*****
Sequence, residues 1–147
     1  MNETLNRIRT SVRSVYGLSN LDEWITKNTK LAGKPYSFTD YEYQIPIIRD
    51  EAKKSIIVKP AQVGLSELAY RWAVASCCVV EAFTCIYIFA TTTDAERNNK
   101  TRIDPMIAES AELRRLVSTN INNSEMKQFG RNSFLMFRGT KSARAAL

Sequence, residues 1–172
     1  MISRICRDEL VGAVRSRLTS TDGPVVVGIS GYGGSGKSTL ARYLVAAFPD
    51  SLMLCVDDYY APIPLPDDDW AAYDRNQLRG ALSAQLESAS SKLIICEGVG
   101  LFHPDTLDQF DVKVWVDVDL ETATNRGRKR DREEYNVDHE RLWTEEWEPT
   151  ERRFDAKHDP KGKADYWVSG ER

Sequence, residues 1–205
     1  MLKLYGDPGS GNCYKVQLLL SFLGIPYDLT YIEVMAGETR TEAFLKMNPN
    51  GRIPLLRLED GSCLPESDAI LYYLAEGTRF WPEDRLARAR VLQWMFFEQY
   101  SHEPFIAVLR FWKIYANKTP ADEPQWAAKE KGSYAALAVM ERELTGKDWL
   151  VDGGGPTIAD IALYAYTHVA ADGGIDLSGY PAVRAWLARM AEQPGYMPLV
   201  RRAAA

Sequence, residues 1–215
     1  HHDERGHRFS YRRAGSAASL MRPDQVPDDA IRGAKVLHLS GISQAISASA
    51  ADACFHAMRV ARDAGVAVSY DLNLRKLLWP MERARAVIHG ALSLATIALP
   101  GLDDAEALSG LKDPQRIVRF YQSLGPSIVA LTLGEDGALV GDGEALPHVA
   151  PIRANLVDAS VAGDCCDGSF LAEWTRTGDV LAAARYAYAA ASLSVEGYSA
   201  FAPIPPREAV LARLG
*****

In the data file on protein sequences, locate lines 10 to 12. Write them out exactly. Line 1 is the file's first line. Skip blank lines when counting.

Sequence, residues 1–205
     1  MLKLYGDPGS GNCYKVQLLL SFLGIPYDLT YIEVMAGETR TEAFLKMNPN
    51  GRIPLLRLED GSCLPESDAI LYYLAEGTRF WPEDRLARAR VLQWMFFEQY